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Peripheral Sight Plays Key Role in Pilots’ In-Flight Decisions 

Mind-Eye Optometrist Says 20/20 Eye Exams Not Sufficient for Pilots  

Peripheral eyesight – glimpsing – strongly affects piloting decisions.

So, says Deborah Zelinsky, OD, founder and research director of the Mind-Eye Institute in Northbrook, Ill., speaking recently at the Aerospace Medical Association (AsMA) Annual Scientific Meeting, where she emphasized that standard eye testing alone for pilots is insufficient because it checks only the clarity of central eyesight when fixed on a non-moving target.

Peripheral eyesight can affect a pilot’s “how am I?” in flight, triggering physical reactions like tightening of muscles, speeding of heart rate, and increased adrenalin levels, and the “where am I?” causing changes in concentration, attention and awareness of surrounding environment, she explained during her presentation.

Her comments were intended not only to inform, but to underscore the crucial role of 21st century optometry in pilot eye testing. AsMA membership includes aerospace medicine specialists and pilots, flight nurses, physiologists, psychologists and researchers.

“Optometrists can impact brain function,” said Dr. Zelinsky, whose more than 30-year career has focused on neuro-optometric rehabilitation and development of advanced methods for assessing brain function. “Changes in luminance on the eye affect how the brain interprets and reacts to information about the environment and impact a person’s spatial awareness, body movement and selective attention to sound.”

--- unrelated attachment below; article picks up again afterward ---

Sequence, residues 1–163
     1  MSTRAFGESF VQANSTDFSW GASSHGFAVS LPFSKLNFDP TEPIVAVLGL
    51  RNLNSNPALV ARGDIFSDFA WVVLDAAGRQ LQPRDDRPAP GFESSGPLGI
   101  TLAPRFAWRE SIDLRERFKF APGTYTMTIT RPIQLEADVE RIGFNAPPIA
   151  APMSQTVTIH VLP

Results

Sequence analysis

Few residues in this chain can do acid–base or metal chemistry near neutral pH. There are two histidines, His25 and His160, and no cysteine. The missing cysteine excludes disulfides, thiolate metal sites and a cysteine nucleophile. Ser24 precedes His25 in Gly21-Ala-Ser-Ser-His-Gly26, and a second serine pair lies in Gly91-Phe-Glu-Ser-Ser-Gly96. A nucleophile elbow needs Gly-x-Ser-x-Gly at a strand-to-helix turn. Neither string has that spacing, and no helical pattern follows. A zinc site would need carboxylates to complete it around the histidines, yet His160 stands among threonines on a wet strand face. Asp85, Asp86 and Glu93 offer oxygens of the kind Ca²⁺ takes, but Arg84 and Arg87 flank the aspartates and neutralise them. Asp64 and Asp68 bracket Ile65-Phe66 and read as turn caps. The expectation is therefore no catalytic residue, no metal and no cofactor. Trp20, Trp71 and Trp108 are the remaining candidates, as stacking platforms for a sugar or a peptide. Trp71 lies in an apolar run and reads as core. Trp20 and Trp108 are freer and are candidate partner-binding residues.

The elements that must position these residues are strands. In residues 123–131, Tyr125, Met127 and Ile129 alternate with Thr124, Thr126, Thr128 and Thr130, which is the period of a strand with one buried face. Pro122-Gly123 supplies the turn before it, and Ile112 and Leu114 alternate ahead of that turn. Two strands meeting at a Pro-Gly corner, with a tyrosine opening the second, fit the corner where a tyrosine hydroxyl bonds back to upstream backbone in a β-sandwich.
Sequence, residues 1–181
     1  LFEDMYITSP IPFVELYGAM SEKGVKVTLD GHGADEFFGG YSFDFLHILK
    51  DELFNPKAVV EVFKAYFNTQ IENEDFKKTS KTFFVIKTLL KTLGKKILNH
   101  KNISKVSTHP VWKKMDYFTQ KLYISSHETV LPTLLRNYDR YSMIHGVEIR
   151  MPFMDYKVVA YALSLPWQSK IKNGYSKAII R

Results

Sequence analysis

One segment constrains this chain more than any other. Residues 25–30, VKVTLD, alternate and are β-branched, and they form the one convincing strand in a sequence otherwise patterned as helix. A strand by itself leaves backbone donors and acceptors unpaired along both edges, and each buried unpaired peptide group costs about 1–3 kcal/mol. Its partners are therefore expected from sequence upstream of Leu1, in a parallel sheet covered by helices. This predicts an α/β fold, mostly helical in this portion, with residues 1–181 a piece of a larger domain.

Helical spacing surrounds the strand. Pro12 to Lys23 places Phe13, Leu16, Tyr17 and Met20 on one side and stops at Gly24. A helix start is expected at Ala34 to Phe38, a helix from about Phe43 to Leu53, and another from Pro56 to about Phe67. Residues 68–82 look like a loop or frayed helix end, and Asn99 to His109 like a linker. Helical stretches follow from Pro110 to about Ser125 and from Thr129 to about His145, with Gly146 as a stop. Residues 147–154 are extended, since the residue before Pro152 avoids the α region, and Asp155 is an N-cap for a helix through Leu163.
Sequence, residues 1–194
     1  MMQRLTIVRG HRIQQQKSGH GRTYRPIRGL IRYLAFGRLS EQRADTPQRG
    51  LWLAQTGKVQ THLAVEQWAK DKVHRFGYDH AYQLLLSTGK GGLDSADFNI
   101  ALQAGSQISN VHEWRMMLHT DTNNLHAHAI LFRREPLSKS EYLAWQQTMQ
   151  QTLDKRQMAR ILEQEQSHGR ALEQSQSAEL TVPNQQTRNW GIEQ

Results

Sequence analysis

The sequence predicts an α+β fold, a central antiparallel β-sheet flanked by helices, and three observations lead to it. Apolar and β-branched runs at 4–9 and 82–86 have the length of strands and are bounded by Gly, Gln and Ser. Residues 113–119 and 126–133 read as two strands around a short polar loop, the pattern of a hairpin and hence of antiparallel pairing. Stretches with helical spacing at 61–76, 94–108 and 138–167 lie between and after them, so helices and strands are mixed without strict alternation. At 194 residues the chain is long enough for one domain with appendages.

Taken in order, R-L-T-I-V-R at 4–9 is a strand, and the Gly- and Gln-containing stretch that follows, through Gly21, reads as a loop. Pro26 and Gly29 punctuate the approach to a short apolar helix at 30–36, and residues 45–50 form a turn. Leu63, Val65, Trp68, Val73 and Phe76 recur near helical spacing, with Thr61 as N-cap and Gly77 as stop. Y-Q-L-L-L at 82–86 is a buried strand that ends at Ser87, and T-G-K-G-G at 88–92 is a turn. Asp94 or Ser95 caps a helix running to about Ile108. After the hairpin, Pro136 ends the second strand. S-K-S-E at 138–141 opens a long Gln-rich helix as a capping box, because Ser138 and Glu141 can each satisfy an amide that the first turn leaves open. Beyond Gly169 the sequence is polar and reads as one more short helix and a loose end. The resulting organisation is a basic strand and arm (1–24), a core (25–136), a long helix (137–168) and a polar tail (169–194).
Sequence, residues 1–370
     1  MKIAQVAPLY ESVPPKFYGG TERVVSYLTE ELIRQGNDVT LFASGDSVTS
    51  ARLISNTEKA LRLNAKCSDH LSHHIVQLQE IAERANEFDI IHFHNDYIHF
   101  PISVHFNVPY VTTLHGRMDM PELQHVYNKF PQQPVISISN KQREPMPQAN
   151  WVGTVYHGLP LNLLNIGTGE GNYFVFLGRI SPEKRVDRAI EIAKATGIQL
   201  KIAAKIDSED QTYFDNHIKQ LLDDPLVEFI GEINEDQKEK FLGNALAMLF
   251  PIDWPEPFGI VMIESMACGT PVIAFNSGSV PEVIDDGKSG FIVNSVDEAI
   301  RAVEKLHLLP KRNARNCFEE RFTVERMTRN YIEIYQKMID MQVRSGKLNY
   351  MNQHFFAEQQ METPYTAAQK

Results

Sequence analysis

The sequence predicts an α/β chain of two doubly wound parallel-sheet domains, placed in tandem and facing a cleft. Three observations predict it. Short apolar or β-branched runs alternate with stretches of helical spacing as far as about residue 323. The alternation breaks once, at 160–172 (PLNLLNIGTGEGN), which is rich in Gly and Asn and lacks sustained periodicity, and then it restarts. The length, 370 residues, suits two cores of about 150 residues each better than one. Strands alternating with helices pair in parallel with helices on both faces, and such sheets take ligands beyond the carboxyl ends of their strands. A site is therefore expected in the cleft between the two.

Both standard eye testing and neuro-optometric evaluations are important, she said. A neuro-optometric examination considers many systems in addition to the traditional central identification of letters. Tests include peripheral navigation systems; isolation of eyes from neck movement; awareness of midline; spatial orientation; various perceptual pathways; sensory integration abilities; and visualization, among others.

Today’s eye testing needs to be seriously updated to include an evaluation of how environmental stimuli might alter a person’s use of his or her peripheral eyesight, she stated.

Highlighting the importance of the “mind-eye connection,” Dr. Zelinsky reminded meeting participants that they experience various stress factors in flight, such as hypoxia, fatigue, gravitational pull, spatial disorientation and visual illusions.

Autokinesis, for example, is a “false perception of movement caused by fixating on a bright light against a dark background, such as a bright star in the night sky,” she said. “To prevent this, a pilot should continually keep up a normal eye scan, vary the distances at which they focus and avoid fixating on any certain object for more than a few seconds.”

Other “illusions” can be created by the width or slope of a runway when landing an airplane, a “featureless terrain,” or rain and atmospheric haze on a plane’s windshield, she said.

“An absence of ground features, as when landing over water, darkened areas or snow, can give the illusion that the craft is at a higher altitude than it actually is. The pilot who does not recognize this will fly a lower approach,” she said.

As for runways, “the wider they are, the closer they will seem and the higher a pilot might fly.” Dr. Zelinsky said.